Detain'd your eye from nature; stately vests,
That veiling strove to deck your charms divine,
Were your's unearn'd by toil.
Coleridge. Ode to Georgiana, Duchess of Devonshire.

Say did I err, chaste Liberty,
When, warm with youthful fire,
I gave the vernal fruits to thee,
That ripen'd on my lyre?
When, round thy twin-born sister's shrine
I taught the flowers of verse to twine
And blend in one their fresh perfume
Forbade them, vagrant and disjoin'd,
To give to every wanton wind
Their fragrance and their bloom?

Ye clouds, that far above me float and pause,
Whose pathless march no mortal may controul!
Ye ocean waves, that, wheresoe'er ye roll,
Yield homage only to eternal laws!
Ye woods, that listen to the night-birds singing,
Midway the smooth and perilous steep reclin'd;
Save when your own imperious branches swinging,
Have made a solemn music of the wind!
Where, like a man belov'd of God,
Through glooms, which never woodman trod,
How oft, pursuing fancies holy,
My moonlight way o'er flow'ring weeds I wound,
Inspir'd beyond the guess of folly,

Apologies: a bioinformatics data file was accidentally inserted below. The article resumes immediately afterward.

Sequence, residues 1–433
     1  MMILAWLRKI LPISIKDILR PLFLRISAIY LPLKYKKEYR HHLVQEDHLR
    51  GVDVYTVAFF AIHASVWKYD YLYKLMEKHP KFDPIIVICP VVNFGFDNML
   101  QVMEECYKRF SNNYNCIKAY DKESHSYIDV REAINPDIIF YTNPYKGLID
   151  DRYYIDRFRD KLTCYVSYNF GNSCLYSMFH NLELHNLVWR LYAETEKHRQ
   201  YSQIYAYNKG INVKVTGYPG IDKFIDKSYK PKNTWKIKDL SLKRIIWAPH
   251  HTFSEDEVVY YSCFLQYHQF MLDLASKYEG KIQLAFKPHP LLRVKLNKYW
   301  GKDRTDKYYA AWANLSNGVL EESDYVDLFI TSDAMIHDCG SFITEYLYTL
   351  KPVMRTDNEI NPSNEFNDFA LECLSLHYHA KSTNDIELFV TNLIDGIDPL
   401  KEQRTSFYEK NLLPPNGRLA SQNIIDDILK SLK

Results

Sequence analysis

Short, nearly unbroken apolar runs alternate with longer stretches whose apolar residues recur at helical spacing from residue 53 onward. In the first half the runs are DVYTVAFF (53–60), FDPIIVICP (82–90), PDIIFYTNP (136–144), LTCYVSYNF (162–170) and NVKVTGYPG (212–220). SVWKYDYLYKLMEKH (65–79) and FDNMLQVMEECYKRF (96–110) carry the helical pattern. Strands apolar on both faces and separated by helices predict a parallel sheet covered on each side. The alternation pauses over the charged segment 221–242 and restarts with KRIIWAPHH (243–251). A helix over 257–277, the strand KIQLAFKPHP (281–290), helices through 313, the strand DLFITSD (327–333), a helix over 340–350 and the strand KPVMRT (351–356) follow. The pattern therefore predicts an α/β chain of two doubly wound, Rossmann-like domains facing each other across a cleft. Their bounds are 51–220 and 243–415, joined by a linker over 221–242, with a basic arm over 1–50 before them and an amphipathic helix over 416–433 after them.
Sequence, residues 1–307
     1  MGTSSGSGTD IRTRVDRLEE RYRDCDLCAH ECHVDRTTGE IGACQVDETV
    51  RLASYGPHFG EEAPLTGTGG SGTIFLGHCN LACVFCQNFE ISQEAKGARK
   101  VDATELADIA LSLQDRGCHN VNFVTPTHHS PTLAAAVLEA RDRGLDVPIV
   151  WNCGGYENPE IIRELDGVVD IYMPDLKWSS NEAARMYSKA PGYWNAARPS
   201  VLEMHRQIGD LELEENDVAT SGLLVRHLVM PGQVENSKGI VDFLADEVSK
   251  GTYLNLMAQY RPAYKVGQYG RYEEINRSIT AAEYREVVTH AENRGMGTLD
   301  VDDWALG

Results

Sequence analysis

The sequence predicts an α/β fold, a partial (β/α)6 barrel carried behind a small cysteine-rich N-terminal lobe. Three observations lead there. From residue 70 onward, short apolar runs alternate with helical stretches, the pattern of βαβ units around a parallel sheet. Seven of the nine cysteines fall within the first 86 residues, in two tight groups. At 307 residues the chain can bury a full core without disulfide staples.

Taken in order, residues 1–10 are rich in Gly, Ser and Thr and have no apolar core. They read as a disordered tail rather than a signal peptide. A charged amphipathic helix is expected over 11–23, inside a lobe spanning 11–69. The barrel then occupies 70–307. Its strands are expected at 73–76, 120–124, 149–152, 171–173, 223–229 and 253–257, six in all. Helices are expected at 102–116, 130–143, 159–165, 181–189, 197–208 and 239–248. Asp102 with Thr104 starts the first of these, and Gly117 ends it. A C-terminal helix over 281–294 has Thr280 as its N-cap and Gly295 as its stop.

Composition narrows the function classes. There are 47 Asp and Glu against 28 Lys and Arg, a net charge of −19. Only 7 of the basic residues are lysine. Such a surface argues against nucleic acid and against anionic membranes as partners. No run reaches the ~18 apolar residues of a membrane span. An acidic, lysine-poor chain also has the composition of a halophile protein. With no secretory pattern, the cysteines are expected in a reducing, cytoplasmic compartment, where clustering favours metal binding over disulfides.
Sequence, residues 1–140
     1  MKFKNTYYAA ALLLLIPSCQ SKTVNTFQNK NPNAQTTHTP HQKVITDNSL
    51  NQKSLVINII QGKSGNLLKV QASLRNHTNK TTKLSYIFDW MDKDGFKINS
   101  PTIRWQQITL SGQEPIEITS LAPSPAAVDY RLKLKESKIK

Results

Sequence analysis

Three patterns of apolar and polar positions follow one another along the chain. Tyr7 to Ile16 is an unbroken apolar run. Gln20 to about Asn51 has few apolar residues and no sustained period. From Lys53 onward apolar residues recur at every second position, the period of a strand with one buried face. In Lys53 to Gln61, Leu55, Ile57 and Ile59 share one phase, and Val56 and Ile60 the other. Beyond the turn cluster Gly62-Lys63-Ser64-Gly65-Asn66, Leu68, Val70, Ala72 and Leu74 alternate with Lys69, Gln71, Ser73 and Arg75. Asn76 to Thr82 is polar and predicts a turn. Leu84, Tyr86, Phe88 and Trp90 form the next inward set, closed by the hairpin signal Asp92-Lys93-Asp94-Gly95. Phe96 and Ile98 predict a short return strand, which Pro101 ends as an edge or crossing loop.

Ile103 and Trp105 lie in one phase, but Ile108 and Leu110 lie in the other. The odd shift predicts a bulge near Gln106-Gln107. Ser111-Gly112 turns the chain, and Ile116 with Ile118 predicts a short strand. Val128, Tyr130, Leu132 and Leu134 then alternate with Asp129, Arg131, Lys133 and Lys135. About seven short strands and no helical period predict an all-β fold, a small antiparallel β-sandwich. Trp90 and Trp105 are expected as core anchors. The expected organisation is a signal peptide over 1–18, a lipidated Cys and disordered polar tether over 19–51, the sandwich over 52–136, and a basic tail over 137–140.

By each rude shape and wild unconquerable sound!
O, ye loud waves, and O, ye forests high,
And O, ye clouds, that far above me soar'd!
Thou rising sun! thou blue rejoicing sky!
Yea, every thing that is and will be free,
Bear witness for me whereso'er ye be,
With what deep worship I have still ador'd
The spirit of divinest liberty.
Coleridge. France, An Ode.

The Elegy written in a church-yard in South Wales, is not more below Gray's.

Of eagerness to obtain poetical distinction he had much more than Gray; but in tact, judgment, and learning, was exceedingly his inferior. He was altogether a man of talent, if I may he allowed to use the word talent according to the sense it bore in our old English; for he had a vehement desire of excellence, but wanted either the depth of mind or the industry that was necessary for producing anything that was very excellent.